5. Note that this theory of lightsabers allows for variable blade plasma temperatures, which explains how in The Phantom Menace quigon could cut through multiple blast doors with a blade so hot that molten metalwas flowing from the hole, while in A New Hope luke could hold the blade inches from his face to examine it without his face catching fire and burning the fuck off. This suggests that a lightsaber has a baseline (likely user customizable) temperature that can be changed on the fly as circumstances require. It would make sense to have the blade idle at a lower temperature, as higher blade temperatures require more energy to maintain and thus presumably allow a shorter span of time before the energy source of the lightsaber is exhausted.C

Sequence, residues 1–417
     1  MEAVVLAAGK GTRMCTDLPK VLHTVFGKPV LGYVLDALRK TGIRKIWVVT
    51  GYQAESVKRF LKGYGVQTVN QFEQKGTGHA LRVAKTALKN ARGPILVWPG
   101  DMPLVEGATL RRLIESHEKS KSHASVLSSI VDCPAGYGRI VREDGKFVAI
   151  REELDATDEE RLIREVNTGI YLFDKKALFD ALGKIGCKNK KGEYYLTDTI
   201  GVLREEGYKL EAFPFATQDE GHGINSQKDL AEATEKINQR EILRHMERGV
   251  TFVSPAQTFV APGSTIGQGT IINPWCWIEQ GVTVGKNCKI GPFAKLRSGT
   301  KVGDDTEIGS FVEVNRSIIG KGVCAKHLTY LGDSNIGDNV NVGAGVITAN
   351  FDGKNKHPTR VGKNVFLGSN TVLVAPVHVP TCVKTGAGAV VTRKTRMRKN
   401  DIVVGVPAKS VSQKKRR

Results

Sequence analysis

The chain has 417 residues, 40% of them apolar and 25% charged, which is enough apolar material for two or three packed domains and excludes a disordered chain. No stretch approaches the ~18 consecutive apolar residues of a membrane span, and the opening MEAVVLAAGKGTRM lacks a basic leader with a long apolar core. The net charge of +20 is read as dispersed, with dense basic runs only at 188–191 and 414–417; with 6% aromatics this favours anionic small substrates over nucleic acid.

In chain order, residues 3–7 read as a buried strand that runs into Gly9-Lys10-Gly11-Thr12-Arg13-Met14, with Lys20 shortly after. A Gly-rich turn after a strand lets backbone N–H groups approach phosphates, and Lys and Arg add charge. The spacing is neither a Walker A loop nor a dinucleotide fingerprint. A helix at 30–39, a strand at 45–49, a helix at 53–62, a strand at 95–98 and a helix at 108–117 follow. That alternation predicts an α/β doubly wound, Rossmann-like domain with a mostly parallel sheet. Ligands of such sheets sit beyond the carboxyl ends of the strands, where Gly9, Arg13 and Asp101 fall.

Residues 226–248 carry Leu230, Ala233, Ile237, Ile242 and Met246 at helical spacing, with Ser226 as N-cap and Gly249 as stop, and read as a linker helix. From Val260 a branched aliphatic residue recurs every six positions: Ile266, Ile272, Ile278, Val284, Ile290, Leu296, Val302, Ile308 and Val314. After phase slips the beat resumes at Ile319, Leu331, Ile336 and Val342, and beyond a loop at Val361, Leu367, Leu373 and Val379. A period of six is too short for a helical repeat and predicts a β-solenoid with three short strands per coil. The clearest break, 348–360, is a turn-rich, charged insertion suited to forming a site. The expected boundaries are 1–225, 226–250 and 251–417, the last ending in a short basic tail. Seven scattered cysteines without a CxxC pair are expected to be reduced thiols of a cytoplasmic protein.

6. Closeups of lightsabers that I have seen have the emitter assembly slightly recessed from the outer housing of the hilt, which makes a lot of sense: for the lightsaber's ignition sequence to work there must be atmosphere for the laser to affect, thus a recessed emitter assembly would allow a lightsaber to be activated even while flush against a surface. Even with thicker objects this would allow the full ignition sequence to complete: The initial pocket of air-turned-plasma would burn a small hole into the object, which would create a void which would be filled by atmospheric pressure, which would allow the blade to extend further. Repeat ad-nauseum.